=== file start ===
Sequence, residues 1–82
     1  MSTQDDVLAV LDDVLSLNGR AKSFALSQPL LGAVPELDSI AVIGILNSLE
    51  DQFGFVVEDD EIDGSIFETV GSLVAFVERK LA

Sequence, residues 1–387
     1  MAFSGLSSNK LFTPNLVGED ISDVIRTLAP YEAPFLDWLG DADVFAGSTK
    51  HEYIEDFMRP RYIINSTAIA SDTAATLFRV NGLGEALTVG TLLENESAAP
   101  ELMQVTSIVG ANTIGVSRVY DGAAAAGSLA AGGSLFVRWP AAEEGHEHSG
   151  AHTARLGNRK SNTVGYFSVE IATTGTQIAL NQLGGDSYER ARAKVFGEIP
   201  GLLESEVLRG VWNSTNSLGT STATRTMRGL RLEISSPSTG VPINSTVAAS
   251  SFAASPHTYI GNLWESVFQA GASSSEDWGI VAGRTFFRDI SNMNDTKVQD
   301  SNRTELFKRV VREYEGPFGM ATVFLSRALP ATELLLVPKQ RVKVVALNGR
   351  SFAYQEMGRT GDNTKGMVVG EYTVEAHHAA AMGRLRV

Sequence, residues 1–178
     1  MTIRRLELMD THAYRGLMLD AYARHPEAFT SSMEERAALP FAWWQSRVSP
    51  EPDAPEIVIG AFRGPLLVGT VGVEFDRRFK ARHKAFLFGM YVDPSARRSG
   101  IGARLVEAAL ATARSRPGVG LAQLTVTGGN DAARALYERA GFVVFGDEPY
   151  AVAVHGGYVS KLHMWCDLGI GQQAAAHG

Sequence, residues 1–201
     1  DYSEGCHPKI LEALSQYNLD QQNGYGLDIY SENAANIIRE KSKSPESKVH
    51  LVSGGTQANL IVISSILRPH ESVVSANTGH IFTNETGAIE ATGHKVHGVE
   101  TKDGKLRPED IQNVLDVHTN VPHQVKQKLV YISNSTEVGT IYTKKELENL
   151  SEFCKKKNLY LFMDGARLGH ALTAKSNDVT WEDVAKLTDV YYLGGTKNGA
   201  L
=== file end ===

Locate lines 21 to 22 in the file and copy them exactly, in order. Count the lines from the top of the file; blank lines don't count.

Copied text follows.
   101  TKDGKLRPED IQNVLDVHTN VPHQVKQKLV YISNSTEVGT IYTKKELENL
   151  SEFCKKKNLY LFMDGARLGH ALTAKSNDVT WEDVAKLTDV YYLGGTKNGA